Venue: Oddball Films, 275 Capp Street San Francisco
Admission: $10.00 Limited Seating RSVP to firstname.lastname@example.org or (415) 558-8117
Facts for Boys (Color, 1981)
“Changing from a boy to a man is a one way trip. I’m Ken Howard and I’ve been through it all and I’d like to share the experience with you.” Actor Ken Howard, in the middle of his stint as the White Shadow, decided to take three young boys, Li’l Billy Warner, Shane Hankins and Kade Lyons on an unsupervised camping trip to shoot the shit about wet dreams and unwanted pregnancies over wiener roasting and s’mores. With a dynamite soundtrack that includes hits by Rod Stewart, Blondie, The Eagles and Willie Nelson.
The Hero Who Couldn't Read (Color, 1984)
An ABC Afterschool EXTRA Special (shown before at Oddball only in excerpts) and howlingly funny dramatization of one teen basketball superstar's struggle with literacy. While illiteracy may be no laughing matter; the overacting, the heavy-handed inspirational speeches, the fake tears, the bleach in a little boy's eyes, it will all bring you to tears... of laughter. Featuring Clarence Williams III as the only teacher that cares enough to get him back on the right path and Kareem Abdul Jabar, playing himself and reading his cue cards like a champ!
It’s Alright To Cry from Free To Be...You And Me (Color, 1974)
Rosey Grier was an NFL star turned Renaissance Man, presidential bodyguard, singer, actor, needlepoint enthusiast, and Christian Minister. In this comforting ballad, “The Gentle Giant” teaches girls and boys alike that a little tearfest never hurt anyone, and even one of the Fearsome Foursome can be “sad and grumpy, down in the dumpy.”
About Free To Be You...And MeFinding a dirth of positive, modern-thinking children’s literature and programming, Marlo Thomas (That Girl) set out to gather some of the biggest names at the time to teach the new generation of children about race and gender equality, caring, sharing, overcoming stereotypes, self-sufficiency, the validity of boys owning dolls, and the brotherhood of man. First a record, then a book, and in 1974, Free To Be You And Me became an Emmy-Winning television broadcast. With singing, dancing, cartoons and puppets! The magic of Free To Be You and Me was its effortless way of making heavy ideas of feminism, consumerism and understanding palatable and entertaining for children and adult-children alike.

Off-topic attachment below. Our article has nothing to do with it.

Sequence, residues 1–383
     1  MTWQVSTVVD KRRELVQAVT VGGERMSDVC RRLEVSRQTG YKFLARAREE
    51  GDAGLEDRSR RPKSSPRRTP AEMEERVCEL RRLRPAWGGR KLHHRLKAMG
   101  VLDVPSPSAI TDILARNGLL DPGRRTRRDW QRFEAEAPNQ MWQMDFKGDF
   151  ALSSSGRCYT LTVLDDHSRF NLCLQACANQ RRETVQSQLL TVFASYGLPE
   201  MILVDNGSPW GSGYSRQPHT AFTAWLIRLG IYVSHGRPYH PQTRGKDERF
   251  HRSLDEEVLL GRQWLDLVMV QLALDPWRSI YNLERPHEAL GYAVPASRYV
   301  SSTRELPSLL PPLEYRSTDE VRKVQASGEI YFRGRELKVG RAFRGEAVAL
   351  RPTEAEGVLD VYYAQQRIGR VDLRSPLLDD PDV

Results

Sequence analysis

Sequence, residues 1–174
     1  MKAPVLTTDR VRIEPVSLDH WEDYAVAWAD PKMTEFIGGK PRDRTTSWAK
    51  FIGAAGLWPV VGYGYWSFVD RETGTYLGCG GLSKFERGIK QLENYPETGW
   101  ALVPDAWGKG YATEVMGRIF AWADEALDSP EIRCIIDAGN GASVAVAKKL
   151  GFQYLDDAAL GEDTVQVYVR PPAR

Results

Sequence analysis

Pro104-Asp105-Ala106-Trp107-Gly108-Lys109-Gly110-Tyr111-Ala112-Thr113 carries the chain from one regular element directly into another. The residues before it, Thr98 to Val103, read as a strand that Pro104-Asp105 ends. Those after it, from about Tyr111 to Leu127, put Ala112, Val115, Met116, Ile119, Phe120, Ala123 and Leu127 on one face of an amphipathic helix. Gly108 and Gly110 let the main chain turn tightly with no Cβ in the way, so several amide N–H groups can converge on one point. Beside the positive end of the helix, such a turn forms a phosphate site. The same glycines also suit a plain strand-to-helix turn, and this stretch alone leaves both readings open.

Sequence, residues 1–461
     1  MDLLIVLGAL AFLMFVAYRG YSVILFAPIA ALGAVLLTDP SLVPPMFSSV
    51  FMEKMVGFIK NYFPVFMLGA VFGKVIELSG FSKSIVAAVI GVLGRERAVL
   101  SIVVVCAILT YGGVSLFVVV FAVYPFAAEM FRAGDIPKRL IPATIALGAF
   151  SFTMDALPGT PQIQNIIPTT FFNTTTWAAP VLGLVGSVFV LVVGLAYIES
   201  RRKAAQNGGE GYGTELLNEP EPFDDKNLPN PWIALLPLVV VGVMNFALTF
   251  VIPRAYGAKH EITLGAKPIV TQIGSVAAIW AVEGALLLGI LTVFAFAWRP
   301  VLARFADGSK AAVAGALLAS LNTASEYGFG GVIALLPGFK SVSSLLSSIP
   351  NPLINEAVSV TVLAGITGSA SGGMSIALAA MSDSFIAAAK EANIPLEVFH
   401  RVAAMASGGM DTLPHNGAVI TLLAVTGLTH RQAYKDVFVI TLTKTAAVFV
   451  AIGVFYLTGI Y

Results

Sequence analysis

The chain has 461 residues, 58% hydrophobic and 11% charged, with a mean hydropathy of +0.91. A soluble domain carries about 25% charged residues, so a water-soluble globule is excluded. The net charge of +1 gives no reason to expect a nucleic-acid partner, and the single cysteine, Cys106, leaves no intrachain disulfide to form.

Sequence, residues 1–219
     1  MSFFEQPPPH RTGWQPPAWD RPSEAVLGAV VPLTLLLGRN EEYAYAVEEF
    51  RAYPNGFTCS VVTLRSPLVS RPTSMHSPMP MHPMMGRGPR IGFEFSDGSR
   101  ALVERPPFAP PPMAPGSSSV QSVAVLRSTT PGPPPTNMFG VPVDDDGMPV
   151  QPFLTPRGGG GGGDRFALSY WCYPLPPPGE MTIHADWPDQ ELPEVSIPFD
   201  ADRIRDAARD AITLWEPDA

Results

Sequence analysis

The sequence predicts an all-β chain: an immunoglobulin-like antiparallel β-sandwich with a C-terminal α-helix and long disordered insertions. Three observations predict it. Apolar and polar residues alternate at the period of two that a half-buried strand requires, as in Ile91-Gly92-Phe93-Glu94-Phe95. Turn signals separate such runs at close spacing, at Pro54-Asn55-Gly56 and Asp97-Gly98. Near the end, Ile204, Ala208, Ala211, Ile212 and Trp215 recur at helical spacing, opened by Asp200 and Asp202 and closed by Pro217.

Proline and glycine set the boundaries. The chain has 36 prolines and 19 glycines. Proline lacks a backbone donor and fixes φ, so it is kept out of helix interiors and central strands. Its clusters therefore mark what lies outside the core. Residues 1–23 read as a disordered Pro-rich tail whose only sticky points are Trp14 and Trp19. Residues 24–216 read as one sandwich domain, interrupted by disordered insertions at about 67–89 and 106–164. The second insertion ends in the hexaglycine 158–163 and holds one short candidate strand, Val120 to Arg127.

This unintentionally humorous film depicts high school kid Phil Norton (Dick York) as a transfer student to a new town where he has no friends. He is a true geek, who spends all his time in the basement building a radio. His father offers him advice on fitting in. Phil then studies the popular kids in school. He sees that they are good listeners and are always polite and helpful. At an afterschool mixer, Phil offers to help Beezy Barnes (a fellow radio geek), and all the kids immediately become interested in Phil.
Narrated by film noir legend Richard Widmark, this educational film makes juvenile delinquency seem positively benign compared to today’s problem youth. Some great campy moments.
Just Awful (Color, 1972, 8 min)
Oh no! James cut his finger on the playground and he feels: “Just Awful!” Now he has to go see the nurse, which makes him feel even worse. It’s his first time there, so we watch him take it all in, see how other kids react, and then follow him through a triumphant bandaging, returning to class like the champ he is. Seriously, a very weird film even by educational film standards.
For the Early Birds:
Who's Different (1986)
Teens playing water polo. Classroom with high school students. Bully picking on school nerd. Jock won’t get help in geometry from the nerd, and will get kicked off team if he doesn’t improve his grades. At school dance they have confrontation. Water polo coach, an African American male, pulls the athlete aside and talks to him about difference and race. Same jock works on car and learns more about being different and ends up getting math help from nerd and learns to be more accepting.